Same Shit, Different Day

My brain is normally abuzz with all sorts of thoughts. Some of the more creative two-leggeds (a Native American phrase not meant to ostracize people with less than two limbs but to distinguish us from animals) spew forth countless inventions and creative designs, most of which are never produced in the real world. I only have one genius invention rattling around my brain and anyway, no technology on the planet comes close to making it possible. Otherwise, my thoughts tend to run more in the philosophical vein than in the production vein.

There are so many things to write about, talk about, think about, but today the only thing that comes to me is something a friend of mine once said when asked how she was faring: "Same shit, different day."

Perhaps my malaise is prompted by the news that House Republicans have voted to gut Obamacare of funding, an insurance plan that is the only hope for people like me and countless others who are in robust health but have a history of a toenail fungus or some such threatening icky thing. And heaven help the truly sick or injured ones.

Or perhaps my unenthusiastic reaction upon leaving dreamland is due to the California sun disappearing behind a mist of gray fog, a boon to overheated Angelenos and their plant friends but a curse on my mood. 

Or the news that a lady in New York took off two days of work to stand in line for fourteen hours outside the Apple Megastore to get the new iPhone 5s, only to find out that they were fresh out of her fetish. Undaunted, she left for another Apple store location, promising to sleep for a few days after her ordeal was over. Duh, that means four missed days of work. Let's hope her job isn't airport security at JKF.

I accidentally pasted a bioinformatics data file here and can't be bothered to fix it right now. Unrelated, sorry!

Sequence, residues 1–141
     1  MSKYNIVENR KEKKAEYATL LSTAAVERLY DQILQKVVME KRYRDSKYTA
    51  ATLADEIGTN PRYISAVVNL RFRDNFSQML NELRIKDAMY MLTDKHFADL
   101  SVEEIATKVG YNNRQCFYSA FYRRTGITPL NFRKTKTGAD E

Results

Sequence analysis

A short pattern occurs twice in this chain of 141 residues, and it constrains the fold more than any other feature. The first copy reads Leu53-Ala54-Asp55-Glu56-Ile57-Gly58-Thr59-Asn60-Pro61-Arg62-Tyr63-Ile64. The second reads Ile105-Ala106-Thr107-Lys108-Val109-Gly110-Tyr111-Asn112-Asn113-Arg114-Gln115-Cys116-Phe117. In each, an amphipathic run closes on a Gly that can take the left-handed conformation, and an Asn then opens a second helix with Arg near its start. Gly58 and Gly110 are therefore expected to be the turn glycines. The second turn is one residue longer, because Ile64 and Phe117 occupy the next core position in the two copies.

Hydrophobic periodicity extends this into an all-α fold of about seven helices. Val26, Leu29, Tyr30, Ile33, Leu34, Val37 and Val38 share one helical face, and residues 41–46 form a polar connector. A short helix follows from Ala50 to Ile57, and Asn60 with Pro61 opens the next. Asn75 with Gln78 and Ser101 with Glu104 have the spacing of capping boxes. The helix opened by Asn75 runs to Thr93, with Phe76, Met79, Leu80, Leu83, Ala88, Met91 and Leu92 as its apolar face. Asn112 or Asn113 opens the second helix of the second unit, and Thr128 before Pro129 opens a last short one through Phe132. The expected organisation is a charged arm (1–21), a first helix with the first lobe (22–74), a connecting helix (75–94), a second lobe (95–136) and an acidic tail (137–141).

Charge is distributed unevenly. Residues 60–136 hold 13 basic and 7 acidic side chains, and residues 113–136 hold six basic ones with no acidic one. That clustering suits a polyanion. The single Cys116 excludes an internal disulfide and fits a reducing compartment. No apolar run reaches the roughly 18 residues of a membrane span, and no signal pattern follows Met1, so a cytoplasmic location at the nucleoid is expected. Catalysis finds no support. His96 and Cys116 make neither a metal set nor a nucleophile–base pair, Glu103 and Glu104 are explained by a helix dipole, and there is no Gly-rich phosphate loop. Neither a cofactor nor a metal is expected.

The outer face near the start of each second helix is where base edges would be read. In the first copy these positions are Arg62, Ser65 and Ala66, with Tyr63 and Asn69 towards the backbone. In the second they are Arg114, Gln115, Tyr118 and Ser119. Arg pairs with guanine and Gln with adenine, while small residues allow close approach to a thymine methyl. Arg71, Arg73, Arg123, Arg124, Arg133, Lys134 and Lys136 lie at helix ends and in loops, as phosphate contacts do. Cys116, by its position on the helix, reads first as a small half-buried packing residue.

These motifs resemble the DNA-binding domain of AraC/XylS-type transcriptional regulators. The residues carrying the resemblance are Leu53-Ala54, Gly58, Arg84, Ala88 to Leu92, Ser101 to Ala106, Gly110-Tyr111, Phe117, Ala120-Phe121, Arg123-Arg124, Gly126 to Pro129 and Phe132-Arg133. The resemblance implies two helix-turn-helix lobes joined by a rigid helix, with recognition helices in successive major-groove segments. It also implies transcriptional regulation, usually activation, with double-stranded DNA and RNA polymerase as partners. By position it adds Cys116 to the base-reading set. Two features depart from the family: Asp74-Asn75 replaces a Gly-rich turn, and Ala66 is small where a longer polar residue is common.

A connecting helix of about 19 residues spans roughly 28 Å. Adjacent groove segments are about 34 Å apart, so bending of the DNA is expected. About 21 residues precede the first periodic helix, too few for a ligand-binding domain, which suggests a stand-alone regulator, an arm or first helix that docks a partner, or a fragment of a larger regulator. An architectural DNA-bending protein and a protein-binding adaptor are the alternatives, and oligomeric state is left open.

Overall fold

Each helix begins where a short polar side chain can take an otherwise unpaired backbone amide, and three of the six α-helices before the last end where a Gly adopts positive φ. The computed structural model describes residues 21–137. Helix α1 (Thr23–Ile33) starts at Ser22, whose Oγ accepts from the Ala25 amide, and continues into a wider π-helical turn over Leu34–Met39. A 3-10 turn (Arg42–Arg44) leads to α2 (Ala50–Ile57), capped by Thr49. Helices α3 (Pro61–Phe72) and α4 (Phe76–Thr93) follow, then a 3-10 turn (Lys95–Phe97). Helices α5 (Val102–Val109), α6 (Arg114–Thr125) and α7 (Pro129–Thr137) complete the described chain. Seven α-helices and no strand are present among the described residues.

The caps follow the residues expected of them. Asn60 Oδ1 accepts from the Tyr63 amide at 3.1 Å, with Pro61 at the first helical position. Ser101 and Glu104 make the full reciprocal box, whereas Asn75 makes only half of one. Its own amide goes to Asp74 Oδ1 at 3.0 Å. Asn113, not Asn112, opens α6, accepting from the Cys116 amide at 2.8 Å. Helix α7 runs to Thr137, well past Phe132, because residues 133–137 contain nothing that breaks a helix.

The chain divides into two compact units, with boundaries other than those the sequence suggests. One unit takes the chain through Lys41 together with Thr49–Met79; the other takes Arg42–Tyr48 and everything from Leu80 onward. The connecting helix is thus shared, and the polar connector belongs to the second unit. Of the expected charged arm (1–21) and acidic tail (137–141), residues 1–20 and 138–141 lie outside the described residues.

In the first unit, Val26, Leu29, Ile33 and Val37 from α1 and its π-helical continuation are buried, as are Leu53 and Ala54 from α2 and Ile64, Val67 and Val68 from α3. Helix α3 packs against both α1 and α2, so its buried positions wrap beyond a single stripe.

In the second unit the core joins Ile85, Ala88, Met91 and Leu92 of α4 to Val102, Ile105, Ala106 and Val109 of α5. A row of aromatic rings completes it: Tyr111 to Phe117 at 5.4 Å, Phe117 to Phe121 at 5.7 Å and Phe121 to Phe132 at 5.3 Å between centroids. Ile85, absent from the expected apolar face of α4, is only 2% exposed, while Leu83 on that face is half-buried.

Has the world gotten even crazier today than it was yesterday?

Germane to this question is an answer given by a Tibetan lama during one of his talks in the USA. He had been meditating in a cave for over twelve years in the depths of Tibet when a villager interrupted his life-style to tell him the Chinese were coming for him shortly. He had been recognized as an incarnation of a great lama at the age of five and when the Chinese got word of it, they nailed his little hands to a wooden school desk. Having had this childhood experience, he understood that being reacquainted with the invaders would not be a good thing and escaped over the mountains into India, a country that welcomes Tibetan refugees.

During his teaching, a member of the audience remarked that things were getting worse and worse every day in this age of Kali Yuga (the Dark Ages in Americanese). The lama retorted that turmoil, strife, war, injustice, murder, theft, torture, the annhiliation of entire cultures has always been happening somewhere on this planet. 

Plus les choses changent, plus elles restent pareilles - translated as - "same shit, different day." Sounds more elegant in French but us Americans get right to the point, except when we don't.

Expectations are a dangerous thing, so lest anyone think that the world is all bad, or the world is all good, or the world is sometimes good and sometimes bad, one things is for sure. Having a pre-ordered menu for what life is meant to serve us is a recipe for disappointment that leaves a bad taste in the mouth.

Better to wake up, in every sense of the word, to possibility of the moment. Then who knows what the day might bring? It's up to us to choose.
   







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